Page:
3 years ago
On 28 October 2017 I moved into my house share on the Isle of Man. It was where the biggest change I’ve ever made in my life started, 3 years ago today. As I sit here typing this I’m filled with sadness, excitement and pride. I don’t recognise that person who was frantically emptying my tiny box car with the small amount of items I managed to take with me – my clothes, a few pictures to remind me why I was on that crazy journey and a few essentials. I can’t remember how much cash I had available to me, but I know it was less than £50. I didn’t have a clue how things were going to go but what I did know was that I needed to get a job ASAP which was pretty daunting knowing that it would take 2 weeks to get a work permit and that was from the date of being offered a job.
When I started this blog it was the one thing that kept me going. It gave me something to do and stopped me thinking about going for a drink and writing my problems down reminded me I was making the right choice by changing my ways. I don’t feel the need to write anymore but it’s nice to post a little update on special dates like today.
When I look back I can’t believe how much my life has changed. I’m like a completely different person and I’m now the person who I was always meant to be and not the one I thought people wanted me to be. My mum once asked me about how I felt when I was struggling and the only way I could describe it was every day I felt like I was balancing on a tightrope and about to fall off several times a day.
The photo above was taken on the morning of 29 October 2017, and is the result of my last binge, three years ago today. The cuts probably don’t look that bad really but it’s what was going through my mind and the horrendous feeling of failure and sadness I felt that sticks. I’d relapsed after 15 days sober and absolutely knew I had turn things around. I was a mess, my life was a mess and I was destroying everything.
Three years on and life couldn’t be any different. I have a job I enjoy, a great circle of friends and an amazing partner who I moved in with at the beginning of lockdown. JT has contributed to my recovery more than she knows. Being settled has finally given me the security and comfort I so desperately needed and I didn’t realise this until very recently. I thought I’d done all my grieving for my dad but now I know I’ve only just started. Seven years later!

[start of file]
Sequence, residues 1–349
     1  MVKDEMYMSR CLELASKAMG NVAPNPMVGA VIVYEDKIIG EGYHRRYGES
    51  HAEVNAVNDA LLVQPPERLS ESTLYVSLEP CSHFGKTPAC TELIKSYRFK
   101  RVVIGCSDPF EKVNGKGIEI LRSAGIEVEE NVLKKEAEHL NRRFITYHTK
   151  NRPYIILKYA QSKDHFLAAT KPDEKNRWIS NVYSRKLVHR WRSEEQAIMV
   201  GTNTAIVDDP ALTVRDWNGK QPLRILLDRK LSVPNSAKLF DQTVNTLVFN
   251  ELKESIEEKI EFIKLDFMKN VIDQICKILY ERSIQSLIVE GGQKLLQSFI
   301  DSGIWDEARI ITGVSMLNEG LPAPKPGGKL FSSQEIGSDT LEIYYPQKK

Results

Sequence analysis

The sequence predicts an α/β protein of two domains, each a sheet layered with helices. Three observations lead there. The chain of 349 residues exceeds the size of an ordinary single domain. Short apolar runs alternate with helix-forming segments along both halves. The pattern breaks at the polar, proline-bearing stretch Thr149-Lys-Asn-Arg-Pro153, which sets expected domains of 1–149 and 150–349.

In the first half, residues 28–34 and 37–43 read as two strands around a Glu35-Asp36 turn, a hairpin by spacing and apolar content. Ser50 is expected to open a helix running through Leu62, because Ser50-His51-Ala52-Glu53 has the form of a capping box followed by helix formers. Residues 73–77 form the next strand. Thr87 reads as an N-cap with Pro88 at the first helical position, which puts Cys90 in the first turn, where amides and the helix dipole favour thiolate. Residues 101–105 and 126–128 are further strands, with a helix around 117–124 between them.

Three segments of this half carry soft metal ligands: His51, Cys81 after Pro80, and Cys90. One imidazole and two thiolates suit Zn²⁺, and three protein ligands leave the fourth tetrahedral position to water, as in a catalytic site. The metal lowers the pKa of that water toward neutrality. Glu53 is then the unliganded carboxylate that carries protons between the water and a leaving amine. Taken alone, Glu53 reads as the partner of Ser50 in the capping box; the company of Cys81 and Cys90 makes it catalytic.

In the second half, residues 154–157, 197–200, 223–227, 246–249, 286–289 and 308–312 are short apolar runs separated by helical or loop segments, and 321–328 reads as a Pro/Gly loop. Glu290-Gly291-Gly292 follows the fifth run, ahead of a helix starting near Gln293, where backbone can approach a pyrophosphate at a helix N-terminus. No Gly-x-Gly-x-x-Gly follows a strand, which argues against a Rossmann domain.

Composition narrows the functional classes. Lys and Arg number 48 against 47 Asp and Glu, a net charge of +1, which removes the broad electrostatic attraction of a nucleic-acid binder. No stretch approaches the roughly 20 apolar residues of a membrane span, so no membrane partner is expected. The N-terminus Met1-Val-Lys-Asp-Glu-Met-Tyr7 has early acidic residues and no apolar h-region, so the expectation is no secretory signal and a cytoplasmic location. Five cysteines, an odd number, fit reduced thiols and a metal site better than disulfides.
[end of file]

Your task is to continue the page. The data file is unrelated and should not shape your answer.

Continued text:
It’s strange because so many things along the way have contributed to my recovery which I’ve only recently realised. I was nowhere near ready for a relationship when I met JT and I still had a lot of work to do. In fact, when I returned from the Isle of Man in August 2018 I was still a lot more vulnerable than I actually thought I was. Eventually it lead to me drinking in moderation which did work to a certain extent but I’ve realised now, it’s not for me. I don’t regret having a go at moderation because I do believe we have to try lots of routes before we find the one for us. Obviously, everyone’s recovery is different and that could be more dangerous for some than others. A lot of thought went into my plan and it was a process that lasted over a year.
Some of you will be wondering why I talk about being 3 years into my recovery when I’m 5 months sober. I chose to drink in moderation and I thought long and hard about it. Yes, it was a relapse but through the whole of this journey since that day in 2017, I’ve been making positive changes and trying to be the best version of myself that I possibly can. As long as that continues, I’m in recovery. It’s so important that people realise a recovery date doesn’t determine a sober date.
I won’t bore you with the details of my recovery because it’s all here on my blog somewhere but it really is the best thing I’ve ever done and I don’t regret a minute of it. Do I regret taking it too far in the past? Not really, because I believe we go through these situations, obstacles and processes to become the person we’re meant to be. Do I regret meeting some of the people along the way? Hell yeah! But they also did their bit. They made me strong as fuck and determined to make something of myself.
1,095 days of recovery and 172 days sober…
Stay strong, stay positive & keep fighting.